"Akasha Dances" - Basically an extended version of the scene where Akasha kills all the vampires at the Admiral's Arms. Despite the fact that the filmmakers loved every second of Akasha's original dance as well as her closing words to Lestat, this scene was trimmed to heighten tension. In this scene Akasha speaks the famous line which was used in the trailers, "Lestat. Come out, come out, wherever you are."
"L.A. Mansion, Jesse Talks with Lestat, Extended Flying Sequence" - The filmmakers felt the dialogue between Jesse and Lestat was unnecessarily long, and tightened it considerably by cutting out a part where Jesse tells Lestat about her dreams. However, they regret trimming the flying sequence, as it establishes a suitably romantic mood.
"Jesse Writes her Aunt and Goes to the Concert" - Originally, Jesse was abducted by Mael at Griffith Park after her encounter with Lestat, and taken to Maharet. After their conversation, Jesse writes a farewell note, and goes to the concert. The scene where Jesse first meets up with Maharet now plays after the concert. After Jesse writes the note she goes out into a desert highway and hitches a ride with some friendly goths on their way to Lestat's concert.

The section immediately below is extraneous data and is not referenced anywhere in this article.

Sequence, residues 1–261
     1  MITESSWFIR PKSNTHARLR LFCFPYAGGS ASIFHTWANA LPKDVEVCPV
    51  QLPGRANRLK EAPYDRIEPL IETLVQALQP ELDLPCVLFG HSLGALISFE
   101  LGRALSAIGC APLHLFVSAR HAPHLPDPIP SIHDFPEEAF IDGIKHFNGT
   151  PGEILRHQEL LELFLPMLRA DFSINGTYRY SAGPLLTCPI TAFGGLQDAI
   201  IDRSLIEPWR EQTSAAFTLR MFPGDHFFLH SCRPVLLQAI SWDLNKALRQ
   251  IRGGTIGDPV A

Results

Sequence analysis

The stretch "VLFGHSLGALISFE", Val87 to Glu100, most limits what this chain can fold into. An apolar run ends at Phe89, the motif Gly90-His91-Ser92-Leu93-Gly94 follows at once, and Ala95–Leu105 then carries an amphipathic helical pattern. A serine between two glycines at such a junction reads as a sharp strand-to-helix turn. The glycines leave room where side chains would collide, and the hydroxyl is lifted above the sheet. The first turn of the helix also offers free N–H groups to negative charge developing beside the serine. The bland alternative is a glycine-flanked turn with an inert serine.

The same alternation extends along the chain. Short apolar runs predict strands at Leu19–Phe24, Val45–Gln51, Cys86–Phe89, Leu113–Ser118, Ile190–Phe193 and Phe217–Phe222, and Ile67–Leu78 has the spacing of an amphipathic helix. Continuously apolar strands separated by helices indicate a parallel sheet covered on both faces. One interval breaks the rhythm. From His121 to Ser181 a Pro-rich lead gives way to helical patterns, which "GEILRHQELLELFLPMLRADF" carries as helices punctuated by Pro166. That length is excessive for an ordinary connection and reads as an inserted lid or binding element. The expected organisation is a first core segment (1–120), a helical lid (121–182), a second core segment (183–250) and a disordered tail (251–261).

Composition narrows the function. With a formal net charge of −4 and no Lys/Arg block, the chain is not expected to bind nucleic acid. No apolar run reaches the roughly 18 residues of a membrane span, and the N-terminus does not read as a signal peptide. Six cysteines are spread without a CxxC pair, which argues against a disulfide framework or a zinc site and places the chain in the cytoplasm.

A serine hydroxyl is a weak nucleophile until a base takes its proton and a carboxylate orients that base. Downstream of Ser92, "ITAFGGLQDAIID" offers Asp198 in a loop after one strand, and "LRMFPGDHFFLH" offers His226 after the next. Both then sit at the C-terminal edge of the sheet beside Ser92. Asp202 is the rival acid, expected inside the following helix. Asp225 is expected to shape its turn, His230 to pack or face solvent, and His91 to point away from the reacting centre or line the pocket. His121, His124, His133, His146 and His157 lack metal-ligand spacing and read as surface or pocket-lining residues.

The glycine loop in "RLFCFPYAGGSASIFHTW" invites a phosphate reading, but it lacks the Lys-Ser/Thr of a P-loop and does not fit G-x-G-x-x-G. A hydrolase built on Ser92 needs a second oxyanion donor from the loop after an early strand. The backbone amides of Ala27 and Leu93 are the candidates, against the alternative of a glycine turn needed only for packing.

"Band Backstage at Concert, Jesse Walks Through Crowd, Ancients Watch" An extended version of the scene where Jesse arrives at the concert where we see the band hanging out backstage as the Ancients arrive in search of Jesse. As the Ancients watch the partying concert-goers, Khayman notes "Akasha will not be able to resist this."
Written by Sunny Phillips and Christian
Performed by Candyhateful
Courtesy of Church City Nine Records See more »
Don't expect a lot from this one.
Despite a few acceptable adaptations of the books' main themes, QUEEN OF THE DAMNED/THE VAMPIRE LESTAT did not stay true to Anne Rices's complicated story telling. The deep layers that build up all the characters were shredded apart to only their surface, if not a completely different identity. The chronological order of the major events in the movie seemed warped and uneven.